Care Guide for House Rabbits and Guinea Pigs

A cozy illustration of a living room turned into a safe and playful habitat for house rabbits and guinea pigs, showing various care elements like hideouts, water bottles, hay feeders, and toys, with a warm and inviting atmosphere.

Care Guide for House Rabbits and Guinea Pigs


House rabbits and guinea pigs have become increasingly popular as pets, known for their gentle nature and engaging personalities. Although they can make wonderful companions, they each have specific needs that must be met to ensure they live a happy and healthy life. This comprehensive guide will explore the essential aspects of care for these adorable creatures, covering their diet, habitat, health, and social needs.

Dietary Needs

Both rabbits and guinea pigs require a diet that is high in fiber to maintain their digestive health and prevent obesity. A diet primarily consisting of hay, fresh vegetables, and a moderate amount of pellets is recommended. However, there are key differences in their dietary requirements that are crucial to their health.


Rabbits need unlimited access to high-quality hay, such as Timothy, Meadow, or Orchard grass. Fresh vegetables like lettuce, spinach, and carrots can be given daily, but in moderation due to their high sugar content. Additionally, a small number of pellets formulated for rabbits can supplement their diet, providing essential nutrients not found in hay and vegetables alone. Water should be available at all times, preferably in a hanging bottle to avoid contamination.

Guinea Pigs

Guinea pigs, unlike rabbits, cannot synthesize their own vitamin C and thus require a diet that supplements this vital nutrient. This can be provided through vitamin C-rich vegetables like bell peppers, broccoli, and kale. Like rabbits, they also need unlimited access to hay and a controlled amount of pellets specifically formulated for guinea pigs. Water should be readily available at all times.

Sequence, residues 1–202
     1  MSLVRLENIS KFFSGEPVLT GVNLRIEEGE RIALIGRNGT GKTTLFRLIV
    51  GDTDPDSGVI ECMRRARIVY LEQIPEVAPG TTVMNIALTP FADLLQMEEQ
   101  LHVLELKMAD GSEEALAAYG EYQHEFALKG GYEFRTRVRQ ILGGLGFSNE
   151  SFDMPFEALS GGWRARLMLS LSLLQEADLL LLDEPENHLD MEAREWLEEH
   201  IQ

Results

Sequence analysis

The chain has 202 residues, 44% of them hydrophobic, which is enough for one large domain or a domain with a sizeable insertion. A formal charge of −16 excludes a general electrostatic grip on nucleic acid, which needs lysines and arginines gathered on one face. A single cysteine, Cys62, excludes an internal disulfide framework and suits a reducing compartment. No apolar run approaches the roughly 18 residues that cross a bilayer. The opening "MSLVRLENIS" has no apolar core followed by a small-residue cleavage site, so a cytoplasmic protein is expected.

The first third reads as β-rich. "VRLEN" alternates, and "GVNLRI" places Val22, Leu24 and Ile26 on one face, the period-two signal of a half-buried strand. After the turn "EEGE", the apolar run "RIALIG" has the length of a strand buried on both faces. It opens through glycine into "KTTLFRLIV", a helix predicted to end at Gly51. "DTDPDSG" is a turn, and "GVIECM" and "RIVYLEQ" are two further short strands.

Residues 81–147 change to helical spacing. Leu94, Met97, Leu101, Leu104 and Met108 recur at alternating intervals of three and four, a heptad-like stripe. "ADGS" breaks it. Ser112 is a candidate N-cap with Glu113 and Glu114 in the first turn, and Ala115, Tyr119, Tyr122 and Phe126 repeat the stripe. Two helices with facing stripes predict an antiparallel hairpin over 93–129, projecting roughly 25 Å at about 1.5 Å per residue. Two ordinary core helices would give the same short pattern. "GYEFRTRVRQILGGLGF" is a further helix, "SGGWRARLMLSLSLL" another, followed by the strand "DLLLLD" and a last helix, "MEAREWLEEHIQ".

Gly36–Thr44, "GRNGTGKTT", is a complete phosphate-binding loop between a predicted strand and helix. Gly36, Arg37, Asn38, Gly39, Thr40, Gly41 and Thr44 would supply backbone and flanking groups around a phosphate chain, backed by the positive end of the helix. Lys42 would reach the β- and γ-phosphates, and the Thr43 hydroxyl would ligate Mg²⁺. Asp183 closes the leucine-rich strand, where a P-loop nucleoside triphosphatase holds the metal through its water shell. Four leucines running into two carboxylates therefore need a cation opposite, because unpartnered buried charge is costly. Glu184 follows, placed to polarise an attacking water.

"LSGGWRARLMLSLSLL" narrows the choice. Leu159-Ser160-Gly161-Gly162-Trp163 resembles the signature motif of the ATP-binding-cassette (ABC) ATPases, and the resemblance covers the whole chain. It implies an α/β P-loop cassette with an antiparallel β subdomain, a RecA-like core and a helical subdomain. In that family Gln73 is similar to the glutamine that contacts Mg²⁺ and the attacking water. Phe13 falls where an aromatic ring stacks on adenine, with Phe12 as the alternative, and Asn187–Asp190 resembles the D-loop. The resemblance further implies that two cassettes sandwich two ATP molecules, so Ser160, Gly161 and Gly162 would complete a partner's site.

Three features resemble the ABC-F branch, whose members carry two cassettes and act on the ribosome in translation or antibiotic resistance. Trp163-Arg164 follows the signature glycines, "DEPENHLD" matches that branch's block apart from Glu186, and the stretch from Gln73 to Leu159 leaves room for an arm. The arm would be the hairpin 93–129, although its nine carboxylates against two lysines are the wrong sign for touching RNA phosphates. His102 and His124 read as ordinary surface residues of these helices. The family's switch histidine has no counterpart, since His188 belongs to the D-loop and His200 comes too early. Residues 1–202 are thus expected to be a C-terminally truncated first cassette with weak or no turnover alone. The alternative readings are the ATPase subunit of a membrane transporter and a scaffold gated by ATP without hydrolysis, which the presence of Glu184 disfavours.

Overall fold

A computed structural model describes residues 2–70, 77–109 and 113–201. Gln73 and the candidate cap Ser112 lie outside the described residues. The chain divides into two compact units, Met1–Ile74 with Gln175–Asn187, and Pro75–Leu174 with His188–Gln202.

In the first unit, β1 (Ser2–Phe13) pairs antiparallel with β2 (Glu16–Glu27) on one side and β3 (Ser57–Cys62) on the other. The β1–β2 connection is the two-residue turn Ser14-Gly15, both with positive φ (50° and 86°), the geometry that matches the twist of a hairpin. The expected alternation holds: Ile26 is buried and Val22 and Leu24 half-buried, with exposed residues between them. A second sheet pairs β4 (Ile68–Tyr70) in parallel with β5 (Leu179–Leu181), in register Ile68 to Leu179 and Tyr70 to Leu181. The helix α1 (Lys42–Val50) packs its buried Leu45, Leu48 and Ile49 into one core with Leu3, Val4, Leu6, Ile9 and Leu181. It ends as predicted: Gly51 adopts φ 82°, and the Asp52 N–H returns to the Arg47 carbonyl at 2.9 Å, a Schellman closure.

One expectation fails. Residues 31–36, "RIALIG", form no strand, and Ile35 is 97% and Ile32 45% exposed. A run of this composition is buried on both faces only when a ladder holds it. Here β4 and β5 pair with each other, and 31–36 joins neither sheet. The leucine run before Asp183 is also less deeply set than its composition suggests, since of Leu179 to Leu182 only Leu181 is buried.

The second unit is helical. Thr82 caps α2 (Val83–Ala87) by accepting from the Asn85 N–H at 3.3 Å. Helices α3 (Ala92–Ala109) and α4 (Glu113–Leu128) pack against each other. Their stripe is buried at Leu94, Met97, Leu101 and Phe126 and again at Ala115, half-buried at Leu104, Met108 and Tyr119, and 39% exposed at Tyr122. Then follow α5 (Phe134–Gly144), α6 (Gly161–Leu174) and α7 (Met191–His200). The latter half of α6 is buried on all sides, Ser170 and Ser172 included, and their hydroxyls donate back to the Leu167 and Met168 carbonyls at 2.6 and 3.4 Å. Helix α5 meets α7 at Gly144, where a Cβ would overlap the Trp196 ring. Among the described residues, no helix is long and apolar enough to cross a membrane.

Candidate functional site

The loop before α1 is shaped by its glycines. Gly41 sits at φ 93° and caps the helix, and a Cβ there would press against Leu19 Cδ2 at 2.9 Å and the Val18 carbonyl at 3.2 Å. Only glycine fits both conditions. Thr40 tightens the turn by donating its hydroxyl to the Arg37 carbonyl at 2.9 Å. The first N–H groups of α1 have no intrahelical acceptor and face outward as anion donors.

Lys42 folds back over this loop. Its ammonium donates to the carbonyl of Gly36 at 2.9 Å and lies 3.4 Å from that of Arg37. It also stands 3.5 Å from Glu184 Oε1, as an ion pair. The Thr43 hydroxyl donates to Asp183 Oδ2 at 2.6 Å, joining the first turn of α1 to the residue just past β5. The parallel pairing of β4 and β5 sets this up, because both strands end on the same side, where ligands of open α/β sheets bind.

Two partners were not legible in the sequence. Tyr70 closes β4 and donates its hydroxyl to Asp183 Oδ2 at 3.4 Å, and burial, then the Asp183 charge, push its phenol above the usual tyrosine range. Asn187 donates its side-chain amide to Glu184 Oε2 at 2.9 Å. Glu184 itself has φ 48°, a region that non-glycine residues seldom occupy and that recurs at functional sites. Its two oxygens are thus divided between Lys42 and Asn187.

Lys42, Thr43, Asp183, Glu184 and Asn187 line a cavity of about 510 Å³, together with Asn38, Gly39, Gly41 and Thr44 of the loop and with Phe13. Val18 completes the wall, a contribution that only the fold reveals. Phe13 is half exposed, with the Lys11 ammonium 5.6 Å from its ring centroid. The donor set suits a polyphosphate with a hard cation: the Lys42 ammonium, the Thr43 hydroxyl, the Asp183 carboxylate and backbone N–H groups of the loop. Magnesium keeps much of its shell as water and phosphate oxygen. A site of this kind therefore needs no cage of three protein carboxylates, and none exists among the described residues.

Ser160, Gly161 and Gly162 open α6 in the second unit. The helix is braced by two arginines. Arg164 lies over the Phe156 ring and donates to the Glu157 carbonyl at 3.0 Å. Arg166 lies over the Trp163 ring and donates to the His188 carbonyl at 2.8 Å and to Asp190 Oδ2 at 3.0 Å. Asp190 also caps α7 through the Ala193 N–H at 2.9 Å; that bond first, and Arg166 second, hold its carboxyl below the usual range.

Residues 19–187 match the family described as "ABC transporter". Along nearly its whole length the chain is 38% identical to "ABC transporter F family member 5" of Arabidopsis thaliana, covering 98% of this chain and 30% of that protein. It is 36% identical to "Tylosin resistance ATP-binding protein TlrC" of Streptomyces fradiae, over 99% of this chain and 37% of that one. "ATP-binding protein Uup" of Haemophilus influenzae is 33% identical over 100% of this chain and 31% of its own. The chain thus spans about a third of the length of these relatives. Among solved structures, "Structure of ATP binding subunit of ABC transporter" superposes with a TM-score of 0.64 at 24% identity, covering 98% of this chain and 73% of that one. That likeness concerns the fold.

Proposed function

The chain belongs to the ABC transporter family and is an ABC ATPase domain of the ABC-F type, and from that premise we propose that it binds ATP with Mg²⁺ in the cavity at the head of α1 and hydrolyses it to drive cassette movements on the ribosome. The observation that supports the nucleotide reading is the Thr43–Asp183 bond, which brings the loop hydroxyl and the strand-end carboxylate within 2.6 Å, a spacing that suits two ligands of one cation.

Habitat Requirements

The living environment of house rabbits and guinea pigs can greatly influence their health and happiness. Both animals require a well-ventilated, clean space that protects them from extreme temperatures. However, their housing needs differ significantly in terms of space, security, and setup.


Rabbits are active animals that require ample space to roam, play, and exercise. A rabbit’s cage should be at least four times the size of the rabbit, with additional time allotted for exercise outside of the cage each day in a rabbit-proofed area. The enclosure should have a solid bottom to prevent injuries to their feet and be equipped with a hideaway spot for them to retreat to when they feel the need for privacy.

Guinea Pigs

Guinea pigs, being smaller, do not require as much vertical space but still need ample room to move around. Their cage should be at least 7.5 square feet for one, with additional space for each additional guinea pig. The cage should have a solid floor covered with bedding, such as paper or aspen shavings, to absorb moisture and odors. A hidey-house is also important for their sense of security.